The David Project Perspectives – Issue 4
The Mufti in the Mirror: Review of Zvi Elpeleg, Through the Eyes of the Mufti, The Essays of Haj AMin Translated and Annotated. (London, Vallentine Mitchell, 2009).
Haj Amin al-Husseini, the ‘Grand Mufti of Jerusalem,’ was born ca. 1895 and died in Beirut in 1974. He studied Islamic law at Al Azhar University in Cairo, was an Ottoman military officer during World War I, and then threw his support to the British in the hope they would cast out the Turks from the Middle East and aid the Pan-Arab movement. Scion of one of Jerusalem’s leading families, he was appointed mufti, cleric in charge of holy places, of Jerusalem by Herbert Samuel in 1920. There he spent almost two decades relentlessly inciting hatred and violence against the Jews.
In his position as mufti and then as head of the Higher Arab Council al-Husseini resisted all cooperation with the Mandatory authorities, schemed against fellow Palestinian politicians, and eventually took over as head of the Arab Higher Committee. In 1936 he incited the rebellion against the British and orchestrated its descent into internecine Palestinian warfare. Fearing arrest, fled to Beirut the following year. From there he fled to Iraq in 1939 and was instrumental in helping orchestrate the pro-Nazi coup. When that failed, he fled to Iran and finally found welcome in Berlin as a Nazi propagandist and confident of Heinrich Himmler. There he broadcast a Nazified Islamic message to Arab lands, helped raised a Muslim SS division, and intervened to ensure that Hungarian Jewish children were slaughtered. Arrested by the French, he was inexplicably released and permitted to return to Egypt, where he directed Palestinian affairs until decisively pushed aside by Arab leaders. Forbidden by Hashemite leaders to enter Jerusalem, he remained in Egypt until 1959 and then relocated to Beirut where he died.
When these 1954 essays, ably translated and studied by former Israeli Ambassador to Turkey Zvi Elpeleg, first into Hebrew and available now in English, were written, the mufti was still in Cairo attempting to defend his reputation. Structured as responses to questions and published in the Egyptian newspaper al-Misri, the essays are by definition defensive. Written in the moment, when criticism for the failure of the Palestinians and their Arab allies was enormous, the essays also necessarily addressed contemporary rather than historical concerns. They therefore occupy a middle ground as historical documents. They are considered and carefully stated, but hardly self-critical.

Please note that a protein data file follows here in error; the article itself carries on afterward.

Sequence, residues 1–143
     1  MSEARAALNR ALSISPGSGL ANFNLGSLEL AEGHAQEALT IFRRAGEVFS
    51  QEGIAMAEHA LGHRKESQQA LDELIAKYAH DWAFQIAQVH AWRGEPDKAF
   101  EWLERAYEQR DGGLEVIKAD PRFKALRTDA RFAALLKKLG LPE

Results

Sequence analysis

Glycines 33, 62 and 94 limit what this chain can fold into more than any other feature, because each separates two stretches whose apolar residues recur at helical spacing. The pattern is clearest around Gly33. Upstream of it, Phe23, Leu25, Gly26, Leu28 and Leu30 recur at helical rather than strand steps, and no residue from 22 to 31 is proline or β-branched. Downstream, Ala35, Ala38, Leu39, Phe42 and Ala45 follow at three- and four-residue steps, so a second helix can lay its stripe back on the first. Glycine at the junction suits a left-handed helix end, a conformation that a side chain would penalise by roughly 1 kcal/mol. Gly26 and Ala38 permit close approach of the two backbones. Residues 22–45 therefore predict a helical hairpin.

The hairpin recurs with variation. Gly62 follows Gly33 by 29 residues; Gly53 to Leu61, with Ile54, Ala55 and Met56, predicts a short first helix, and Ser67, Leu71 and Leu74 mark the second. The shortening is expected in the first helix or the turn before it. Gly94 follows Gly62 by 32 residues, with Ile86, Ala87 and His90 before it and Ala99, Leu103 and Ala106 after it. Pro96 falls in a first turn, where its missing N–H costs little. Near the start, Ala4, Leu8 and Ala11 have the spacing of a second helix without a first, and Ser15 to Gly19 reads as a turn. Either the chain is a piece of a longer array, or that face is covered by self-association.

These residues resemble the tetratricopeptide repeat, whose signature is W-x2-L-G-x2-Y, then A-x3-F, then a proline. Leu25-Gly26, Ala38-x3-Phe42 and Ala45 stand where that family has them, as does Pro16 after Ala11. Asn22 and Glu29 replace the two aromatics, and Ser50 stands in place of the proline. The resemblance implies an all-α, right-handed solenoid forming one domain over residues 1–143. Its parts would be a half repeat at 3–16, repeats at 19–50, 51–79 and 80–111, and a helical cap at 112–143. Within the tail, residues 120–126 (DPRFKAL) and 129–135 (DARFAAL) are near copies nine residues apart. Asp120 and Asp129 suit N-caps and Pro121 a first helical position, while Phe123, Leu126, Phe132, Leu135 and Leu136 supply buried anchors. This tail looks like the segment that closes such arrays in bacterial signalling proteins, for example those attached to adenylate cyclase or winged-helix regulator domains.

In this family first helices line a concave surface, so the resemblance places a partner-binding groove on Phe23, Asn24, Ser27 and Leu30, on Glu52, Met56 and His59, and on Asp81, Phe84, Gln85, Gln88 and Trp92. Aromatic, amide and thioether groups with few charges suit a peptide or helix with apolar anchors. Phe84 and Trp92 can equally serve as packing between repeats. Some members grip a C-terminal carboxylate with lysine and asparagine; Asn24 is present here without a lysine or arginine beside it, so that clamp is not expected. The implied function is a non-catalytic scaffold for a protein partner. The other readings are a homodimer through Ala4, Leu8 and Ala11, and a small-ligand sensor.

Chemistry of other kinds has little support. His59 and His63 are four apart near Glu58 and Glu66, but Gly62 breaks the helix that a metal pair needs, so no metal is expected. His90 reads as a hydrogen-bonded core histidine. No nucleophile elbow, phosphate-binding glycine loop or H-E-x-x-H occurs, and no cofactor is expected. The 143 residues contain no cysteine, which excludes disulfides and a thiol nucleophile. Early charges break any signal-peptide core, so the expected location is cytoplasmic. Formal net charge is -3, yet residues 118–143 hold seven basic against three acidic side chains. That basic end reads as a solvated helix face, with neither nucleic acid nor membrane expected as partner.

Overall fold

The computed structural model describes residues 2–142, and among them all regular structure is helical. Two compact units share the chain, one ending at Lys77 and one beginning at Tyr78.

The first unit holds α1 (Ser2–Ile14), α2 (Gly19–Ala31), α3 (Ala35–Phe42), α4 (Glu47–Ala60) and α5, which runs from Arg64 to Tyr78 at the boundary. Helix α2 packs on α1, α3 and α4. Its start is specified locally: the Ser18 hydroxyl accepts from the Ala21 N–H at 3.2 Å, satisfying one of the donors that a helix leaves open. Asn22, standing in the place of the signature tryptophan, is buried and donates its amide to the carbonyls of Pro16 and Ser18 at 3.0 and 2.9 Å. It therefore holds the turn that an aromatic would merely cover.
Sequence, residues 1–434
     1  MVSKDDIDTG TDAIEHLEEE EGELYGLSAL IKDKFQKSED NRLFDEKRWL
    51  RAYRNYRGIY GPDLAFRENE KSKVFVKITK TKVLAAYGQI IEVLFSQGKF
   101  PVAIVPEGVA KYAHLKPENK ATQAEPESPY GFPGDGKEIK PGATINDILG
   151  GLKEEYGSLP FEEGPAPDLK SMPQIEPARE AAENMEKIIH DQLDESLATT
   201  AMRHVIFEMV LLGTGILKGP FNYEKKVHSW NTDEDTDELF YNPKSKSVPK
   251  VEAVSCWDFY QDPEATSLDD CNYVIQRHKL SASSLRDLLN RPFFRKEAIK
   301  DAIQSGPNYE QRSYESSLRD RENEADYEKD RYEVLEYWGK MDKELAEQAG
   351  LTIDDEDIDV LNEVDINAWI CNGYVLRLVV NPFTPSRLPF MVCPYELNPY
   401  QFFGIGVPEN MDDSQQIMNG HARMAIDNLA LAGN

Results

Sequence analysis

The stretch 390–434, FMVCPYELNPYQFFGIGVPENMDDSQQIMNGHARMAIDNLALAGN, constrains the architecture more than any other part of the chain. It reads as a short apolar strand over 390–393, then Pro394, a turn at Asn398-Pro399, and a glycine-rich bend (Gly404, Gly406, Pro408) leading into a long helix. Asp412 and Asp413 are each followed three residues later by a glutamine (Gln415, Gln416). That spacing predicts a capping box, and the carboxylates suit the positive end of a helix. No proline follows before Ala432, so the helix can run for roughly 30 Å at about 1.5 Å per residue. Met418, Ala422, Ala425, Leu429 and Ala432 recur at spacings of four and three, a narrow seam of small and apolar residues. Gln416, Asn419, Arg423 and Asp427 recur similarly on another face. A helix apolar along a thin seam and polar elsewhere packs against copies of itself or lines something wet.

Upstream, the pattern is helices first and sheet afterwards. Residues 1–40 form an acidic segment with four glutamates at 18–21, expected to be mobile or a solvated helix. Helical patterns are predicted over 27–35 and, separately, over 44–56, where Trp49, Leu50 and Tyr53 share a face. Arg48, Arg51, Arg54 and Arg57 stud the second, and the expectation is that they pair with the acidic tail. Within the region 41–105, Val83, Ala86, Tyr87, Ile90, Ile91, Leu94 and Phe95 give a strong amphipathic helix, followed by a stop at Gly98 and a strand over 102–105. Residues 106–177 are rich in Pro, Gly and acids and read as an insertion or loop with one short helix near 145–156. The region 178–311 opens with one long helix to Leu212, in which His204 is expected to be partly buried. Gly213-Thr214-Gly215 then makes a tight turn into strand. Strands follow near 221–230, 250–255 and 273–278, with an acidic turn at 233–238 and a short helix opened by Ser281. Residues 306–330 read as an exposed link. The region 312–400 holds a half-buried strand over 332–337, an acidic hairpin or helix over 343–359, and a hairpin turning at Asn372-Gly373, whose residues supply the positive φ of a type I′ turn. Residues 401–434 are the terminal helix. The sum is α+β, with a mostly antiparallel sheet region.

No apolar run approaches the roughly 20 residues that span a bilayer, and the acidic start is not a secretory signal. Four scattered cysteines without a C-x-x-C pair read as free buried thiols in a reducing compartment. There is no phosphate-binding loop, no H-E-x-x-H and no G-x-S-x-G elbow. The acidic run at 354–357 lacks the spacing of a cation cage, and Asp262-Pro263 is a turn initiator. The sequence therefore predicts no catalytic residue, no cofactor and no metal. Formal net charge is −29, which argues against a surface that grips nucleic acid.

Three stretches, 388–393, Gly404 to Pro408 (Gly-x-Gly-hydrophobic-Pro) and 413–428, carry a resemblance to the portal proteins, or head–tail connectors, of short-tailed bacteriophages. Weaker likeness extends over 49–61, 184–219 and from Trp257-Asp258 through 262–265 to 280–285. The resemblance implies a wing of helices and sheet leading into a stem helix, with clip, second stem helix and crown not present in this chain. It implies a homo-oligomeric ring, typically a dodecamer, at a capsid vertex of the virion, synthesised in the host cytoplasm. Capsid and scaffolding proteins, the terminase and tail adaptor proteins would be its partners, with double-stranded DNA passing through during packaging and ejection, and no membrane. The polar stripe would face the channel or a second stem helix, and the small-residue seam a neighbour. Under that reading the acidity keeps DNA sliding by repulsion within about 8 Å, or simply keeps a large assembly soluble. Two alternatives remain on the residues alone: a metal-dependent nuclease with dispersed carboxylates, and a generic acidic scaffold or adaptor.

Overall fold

The 1954 essays are striking for a number of reasons, not least of all because they display a series of tropes that now are standard Palestinian fare. These include:
1. proclamations of Palestinian weakness and self pity
2. complaints regarding the strength of the Jewish opponents
3. proclamations of Palestinian strength
4. recitation of Palestinian victories
5. assertions that Palestinian defeats were a result of various conspiracies
6. assertions that Palestinians were not really defeated; that is, defeat is victory
These themes revolve around one another to produce a tale of unending Palestinian bravery in the face of all-pervasive betrayal. His presentation is instructive since it forms a kind of template for subsequent Palestinian culture and argumentation. For example, when asked about the accusation that Palestinians sold land to Jews, the mufti backtracks and presents the founding myths of the Palestinian national movement: “Palestine was torn to pieces by the claws of British colonialism and World Jewish greed. It began quivering between these two giant forces, with no help and support. Nevertheless, a group comprised of the devoted Sons of Palestine arose and invested their humble efforts, organized their meager ranks and established a modest front in face of those overwhelming international forces. Their only weapon was their faith and devotion.” As a result the British and the Jews had to resort to “political and financial means of seduction” to turn “this holy Arab country into a Jewish homeland.” This failed, and therefore with British support, “Jewish attacks” occurred in 1929, 1936, 1947, and at other times. These too failed. So to execute the “Holocaust of Palestine” other “diabolical means” were needed.